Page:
McGiven said that due to the National Environment Policy Act, they have to make sure the project has no impact on the environment, and they do have a finding of no significant impact.


Sparm that that in 2013 the existing Waste Water Treatment Facility was completed. The project came in over budget, and the Town received funding from the Revolving Loan Fund. True Biosolids handling was eliminated.


In August 2014, the Town hired JVA, which looked at roads, drainage and treatment, Sparm said. In February 2015, the Town received a letter from the State that the pond was creating odors.


Town staff worked hard to mitigate odors through chemicals and monitoring, Sparm said. In July, the State said the pond may be leaking. In 2015 a survey for the seepage study was conducted and an alternative was selected in order to move forward. In 2016, the Biosolids project started.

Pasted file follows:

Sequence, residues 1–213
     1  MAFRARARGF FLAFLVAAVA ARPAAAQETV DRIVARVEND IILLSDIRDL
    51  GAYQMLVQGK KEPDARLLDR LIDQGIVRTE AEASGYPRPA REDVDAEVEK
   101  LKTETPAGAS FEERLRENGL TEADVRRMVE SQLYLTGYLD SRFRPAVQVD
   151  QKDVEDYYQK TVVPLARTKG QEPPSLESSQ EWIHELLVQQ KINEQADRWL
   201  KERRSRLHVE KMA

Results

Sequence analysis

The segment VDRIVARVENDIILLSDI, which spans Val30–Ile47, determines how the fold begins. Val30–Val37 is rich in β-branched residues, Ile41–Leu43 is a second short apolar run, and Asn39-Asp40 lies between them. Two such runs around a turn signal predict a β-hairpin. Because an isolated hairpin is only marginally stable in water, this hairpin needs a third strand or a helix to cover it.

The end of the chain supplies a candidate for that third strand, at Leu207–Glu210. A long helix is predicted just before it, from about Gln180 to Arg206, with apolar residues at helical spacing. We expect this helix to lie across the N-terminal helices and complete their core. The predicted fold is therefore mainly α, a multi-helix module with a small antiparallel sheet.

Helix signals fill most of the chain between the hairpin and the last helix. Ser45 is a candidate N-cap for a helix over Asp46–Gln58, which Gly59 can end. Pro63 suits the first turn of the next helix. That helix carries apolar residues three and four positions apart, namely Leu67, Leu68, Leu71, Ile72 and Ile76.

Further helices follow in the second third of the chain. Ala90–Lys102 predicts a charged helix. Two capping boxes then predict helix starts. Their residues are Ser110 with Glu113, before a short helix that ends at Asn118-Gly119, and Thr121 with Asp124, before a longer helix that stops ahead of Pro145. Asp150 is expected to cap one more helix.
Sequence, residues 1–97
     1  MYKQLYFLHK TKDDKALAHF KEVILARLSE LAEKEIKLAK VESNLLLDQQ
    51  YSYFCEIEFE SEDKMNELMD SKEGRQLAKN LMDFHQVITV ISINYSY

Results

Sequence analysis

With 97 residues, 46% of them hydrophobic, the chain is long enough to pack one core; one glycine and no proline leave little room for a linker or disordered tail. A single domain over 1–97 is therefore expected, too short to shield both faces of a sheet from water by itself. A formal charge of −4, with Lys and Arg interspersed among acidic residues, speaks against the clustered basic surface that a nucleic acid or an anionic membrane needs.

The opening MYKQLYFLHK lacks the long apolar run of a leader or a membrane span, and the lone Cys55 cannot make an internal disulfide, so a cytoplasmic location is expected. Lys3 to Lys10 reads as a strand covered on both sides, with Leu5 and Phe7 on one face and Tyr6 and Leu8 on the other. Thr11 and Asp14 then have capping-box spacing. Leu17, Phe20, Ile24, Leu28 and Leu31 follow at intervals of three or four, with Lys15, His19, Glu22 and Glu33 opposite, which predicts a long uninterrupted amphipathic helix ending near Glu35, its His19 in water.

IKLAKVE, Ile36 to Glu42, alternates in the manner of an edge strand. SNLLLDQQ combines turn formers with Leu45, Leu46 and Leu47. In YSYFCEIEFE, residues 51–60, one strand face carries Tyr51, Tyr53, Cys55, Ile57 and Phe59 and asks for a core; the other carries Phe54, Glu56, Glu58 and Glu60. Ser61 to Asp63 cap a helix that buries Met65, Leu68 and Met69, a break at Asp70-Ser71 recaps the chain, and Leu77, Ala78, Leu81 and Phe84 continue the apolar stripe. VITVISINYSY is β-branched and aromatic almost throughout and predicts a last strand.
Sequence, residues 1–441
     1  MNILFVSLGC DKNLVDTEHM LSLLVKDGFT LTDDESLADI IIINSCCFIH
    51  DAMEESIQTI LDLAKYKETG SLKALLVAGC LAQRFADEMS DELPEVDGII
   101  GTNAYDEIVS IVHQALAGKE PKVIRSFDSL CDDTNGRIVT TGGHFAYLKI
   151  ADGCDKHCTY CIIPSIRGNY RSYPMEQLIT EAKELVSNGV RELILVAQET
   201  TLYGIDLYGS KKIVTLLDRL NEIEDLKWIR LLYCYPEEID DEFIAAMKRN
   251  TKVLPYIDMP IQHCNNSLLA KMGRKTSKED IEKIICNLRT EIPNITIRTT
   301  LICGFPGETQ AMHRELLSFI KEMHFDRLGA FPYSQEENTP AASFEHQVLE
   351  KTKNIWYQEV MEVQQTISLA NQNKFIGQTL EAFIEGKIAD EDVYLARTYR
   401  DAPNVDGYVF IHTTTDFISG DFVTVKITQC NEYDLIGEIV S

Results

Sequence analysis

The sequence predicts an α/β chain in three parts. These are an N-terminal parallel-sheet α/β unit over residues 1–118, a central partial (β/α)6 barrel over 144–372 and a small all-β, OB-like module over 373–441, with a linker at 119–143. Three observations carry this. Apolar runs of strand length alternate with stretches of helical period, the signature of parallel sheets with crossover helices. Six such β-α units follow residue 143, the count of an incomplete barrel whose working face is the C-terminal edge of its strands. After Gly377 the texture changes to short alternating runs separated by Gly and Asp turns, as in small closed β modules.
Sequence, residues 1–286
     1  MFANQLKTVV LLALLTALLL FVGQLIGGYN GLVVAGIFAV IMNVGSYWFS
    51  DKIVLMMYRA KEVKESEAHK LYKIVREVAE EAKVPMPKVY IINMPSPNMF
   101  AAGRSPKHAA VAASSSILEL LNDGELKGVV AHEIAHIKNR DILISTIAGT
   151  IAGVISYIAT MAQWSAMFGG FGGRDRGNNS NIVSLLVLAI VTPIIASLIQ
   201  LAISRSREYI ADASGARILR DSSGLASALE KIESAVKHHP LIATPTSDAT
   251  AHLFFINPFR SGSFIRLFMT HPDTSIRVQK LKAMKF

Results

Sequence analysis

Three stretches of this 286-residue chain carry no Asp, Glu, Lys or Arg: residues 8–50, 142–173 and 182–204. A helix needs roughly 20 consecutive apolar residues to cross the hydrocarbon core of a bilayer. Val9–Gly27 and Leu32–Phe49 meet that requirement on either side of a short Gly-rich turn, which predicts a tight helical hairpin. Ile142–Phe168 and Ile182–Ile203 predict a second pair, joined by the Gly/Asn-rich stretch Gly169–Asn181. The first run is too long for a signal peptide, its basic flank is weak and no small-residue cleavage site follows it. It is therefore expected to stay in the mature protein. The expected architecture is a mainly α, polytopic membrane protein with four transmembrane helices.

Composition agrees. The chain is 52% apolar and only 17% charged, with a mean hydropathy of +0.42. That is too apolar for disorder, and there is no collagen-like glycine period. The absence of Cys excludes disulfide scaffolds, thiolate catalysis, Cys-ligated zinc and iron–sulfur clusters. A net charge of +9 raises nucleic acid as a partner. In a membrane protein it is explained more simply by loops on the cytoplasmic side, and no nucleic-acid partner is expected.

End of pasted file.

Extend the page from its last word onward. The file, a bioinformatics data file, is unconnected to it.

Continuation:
In February 2017, the prequalification form was submitted, and a credit check for the Town concluded it is well-positioned for the project and should receive $2 million in funding. Now JVA is working through design. In June 2017, the Project Needs Assessment (PNA) was submitted, and it was approved in July.


Rhoads said we are doing this project because of compliance issues with odor and seepage, and we have existing facility limitations. With all the water being hauled downhill, we should be able to do some dewatering.


There must be a way to evaluate alternatives regarding cost, sustainability, operational considerations, odor mitigation, footprint, ability to operate during winter weather conditions and ability to meet Class B Biosolids regulations.